In this photo essay we will explore these surviving CGW rails.



Looking west down the former Chicago Great Western from Franklin Avenue. The Hulet Avenue grade crossing is in the distance. Beyond Hulet the line finally ends at Lyndale Avenue S. Past Lyndale the right-of-way is used by the Sakatah Singing Hills State Trail on the portion of the route abandoned west of Faribault in 1973.  Note the switch in the foreground for the connecting track to the outside rail world. Photo by the author.


Looking east now up the former CGW, we now see in full the connecting track to the former Milwaukee Road I&M Division north-south main line which the CGW crosses in the far distance; the connection is made up in part of a surviving piece of a spur that once belonged to the Milwaukee that went west to the now long-gone Sheffield Flour Mill.  The switch itself was not installed until well after the passing of the Great Western.  At first when successor Chicago & North Western assumed trackage rights over the Milwaukee from Northfiled to Faribault, their trains took a routing around the south and east sides of town via a combination of Milwaukee/ex-CGW track that took trains past the Milwaukee Road depot to the south of this location on what was dubbed the “Grand tour of Faribault.” Finally, this switch was installed in 1976, eliminating the 6.5 mile, nearly hour-long “grand tour” for C&NW trains bound for the industries on Faribault’s northeast side. Photo by the author.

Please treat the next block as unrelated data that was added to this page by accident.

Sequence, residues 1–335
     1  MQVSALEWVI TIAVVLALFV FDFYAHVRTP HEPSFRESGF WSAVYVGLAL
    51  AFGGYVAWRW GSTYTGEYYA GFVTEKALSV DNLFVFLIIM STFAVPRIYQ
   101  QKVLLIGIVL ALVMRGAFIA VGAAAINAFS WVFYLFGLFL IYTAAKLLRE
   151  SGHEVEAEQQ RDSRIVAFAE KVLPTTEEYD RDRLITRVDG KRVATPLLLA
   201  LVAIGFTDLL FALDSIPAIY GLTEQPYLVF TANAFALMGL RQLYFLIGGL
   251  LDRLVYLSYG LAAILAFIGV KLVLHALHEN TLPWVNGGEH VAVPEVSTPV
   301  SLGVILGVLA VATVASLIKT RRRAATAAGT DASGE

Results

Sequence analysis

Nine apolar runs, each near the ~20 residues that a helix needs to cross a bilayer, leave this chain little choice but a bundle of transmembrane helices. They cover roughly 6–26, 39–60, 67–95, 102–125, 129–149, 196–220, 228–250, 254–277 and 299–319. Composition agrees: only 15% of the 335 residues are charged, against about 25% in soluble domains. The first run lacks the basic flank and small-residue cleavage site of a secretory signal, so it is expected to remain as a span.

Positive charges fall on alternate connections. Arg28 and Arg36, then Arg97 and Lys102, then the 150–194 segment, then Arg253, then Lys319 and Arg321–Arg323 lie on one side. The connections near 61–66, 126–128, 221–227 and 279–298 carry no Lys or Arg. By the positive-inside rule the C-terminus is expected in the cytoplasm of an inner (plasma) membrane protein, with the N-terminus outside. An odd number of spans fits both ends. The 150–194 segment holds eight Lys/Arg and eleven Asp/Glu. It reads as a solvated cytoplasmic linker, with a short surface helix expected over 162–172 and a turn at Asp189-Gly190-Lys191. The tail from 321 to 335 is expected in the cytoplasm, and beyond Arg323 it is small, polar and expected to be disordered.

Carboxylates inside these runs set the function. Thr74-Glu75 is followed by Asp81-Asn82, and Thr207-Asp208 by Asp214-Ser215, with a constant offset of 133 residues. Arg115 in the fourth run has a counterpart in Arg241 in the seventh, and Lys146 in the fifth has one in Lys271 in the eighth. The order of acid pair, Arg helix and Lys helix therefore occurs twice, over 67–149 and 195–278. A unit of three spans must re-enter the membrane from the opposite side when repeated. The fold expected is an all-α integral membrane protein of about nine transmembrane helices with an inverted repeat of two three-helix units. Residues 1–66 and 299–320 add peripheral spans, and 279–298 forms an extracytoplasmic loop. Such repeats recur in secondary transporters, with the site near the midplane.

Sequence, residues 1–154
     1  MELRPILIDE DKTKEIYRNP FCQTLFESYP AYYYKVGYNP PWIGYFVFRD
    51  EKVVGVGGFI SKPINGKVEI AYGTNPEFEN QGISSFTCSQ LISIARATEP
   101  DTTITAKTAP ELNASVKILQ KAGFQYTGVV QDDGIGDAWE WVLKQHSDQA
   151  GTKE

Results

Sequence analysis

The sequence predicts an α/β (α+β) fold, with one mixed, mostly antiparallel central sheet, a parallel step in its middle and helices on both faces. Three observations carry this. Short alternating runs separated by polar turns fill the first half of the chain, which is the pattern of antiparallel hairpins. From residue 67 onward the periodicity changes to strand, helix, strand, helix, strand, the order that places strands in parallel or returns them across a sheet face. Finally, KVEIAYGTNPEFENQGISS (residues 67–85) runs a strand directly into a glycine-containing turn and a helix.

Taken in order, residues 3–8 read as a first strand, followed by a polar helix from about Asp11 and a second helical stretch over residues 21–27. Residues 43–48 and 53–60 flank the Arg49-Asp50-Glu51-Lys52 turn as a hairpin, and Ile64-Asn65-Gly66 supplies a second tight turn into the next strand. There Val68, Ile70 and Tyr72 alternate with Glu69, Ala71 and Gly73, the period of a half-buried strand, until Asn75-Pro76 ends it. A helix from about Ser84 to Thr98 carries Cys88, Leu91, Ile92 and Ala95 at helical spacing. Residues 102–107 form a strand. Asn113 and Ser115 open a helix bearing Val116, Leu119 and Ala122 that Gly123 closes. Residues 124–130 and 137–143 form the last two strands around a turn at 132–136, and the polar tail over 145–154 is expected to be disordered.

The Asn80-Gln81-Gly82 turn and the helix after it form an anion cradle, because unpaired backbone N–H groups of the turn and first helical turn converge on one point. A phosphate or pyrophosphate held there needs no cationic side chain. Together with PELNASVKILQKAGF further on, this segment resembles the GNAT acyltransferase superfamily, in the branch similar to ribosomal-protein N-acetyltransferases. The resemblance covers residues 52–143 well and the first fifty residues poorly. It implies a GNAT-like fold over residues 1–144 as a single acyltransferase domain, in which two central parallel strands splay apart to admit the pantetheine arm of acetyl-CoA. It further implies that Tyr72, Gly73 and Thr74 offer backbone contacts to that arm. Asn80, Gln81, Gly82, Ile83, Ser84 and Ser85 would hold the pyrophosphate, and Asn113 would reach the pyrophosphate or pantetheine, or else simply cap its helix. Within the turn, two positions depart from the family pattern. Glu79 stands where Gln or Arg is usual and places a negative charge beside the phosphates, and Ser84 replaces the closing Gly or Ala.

A short ways east of the Milwaukee/CGW connection, the old Great Western line borders South Alexander Park and crosses 7th Avenue Northwest. Photo by the author.


A view east up the CGW from the 7th Avenue NW grade crossing. The first on-line industry is accessed by the switch seen in the distance. Photo by the author.


Despite this bit of track now being on its fourth operator, Union Pacific signs adorn the cross bucks posts at the 7th Avenue NW grade crossing since technically Progressive Rail  leases but does not own the tracks. Photo by the author.
But the UP signage is not alone on the 7th Street NW cross bucks; C&NW US Department of Transportation plates also are present. Photo by the author.


Moving beyond West 7th Street NW, we are now looking west down the old CGW from near 2nd Avenue NW.  Note the blue Progressive Rail boxcars parked in the distance.  Photo by the author.


The old CGW crosses 2nd Avenue NW and into Faribault Foods, the customer at the end of the line. Photo by the author.
Another view of the grade crossing at 2nd St NW by Faribault Foods. Photo by the author.
The old CGW curves into Faribault Foods, the industry at the line’s end. Trail on left is the City of Faribault’s Straight River trail. Photo by the author.


Looking east towards 2nd Avenue NW by Faribault Foods. A track leading to the CGW’s yard and depot in downtown Faribault used to exist here; perhaps the city trail on the right occupies the right-of-way at least in part? CGW rails once stretched across the background sweeping north to Dundas and Northfield. Photo by the author.



The CGW crossed the Cannon River near its junction with the Straight River on a pair of wooden trestles, both of which remain today and are used as part of a city trail. This is the one closest to Faribault Foods. Rails last graced the trestle in 1978 when they were finally pulled up after the Faribault-Northfield part of the line was officially abandoned in 1975.  Photo by the author.



Facts in this article are from the book More Chicago Great Western in Minnesota, and More Milwaukee Road in Minnesota, both by John C. Luecke, and the Union Pacific’s webpage on Progressive Rail’s Cannon Valley line: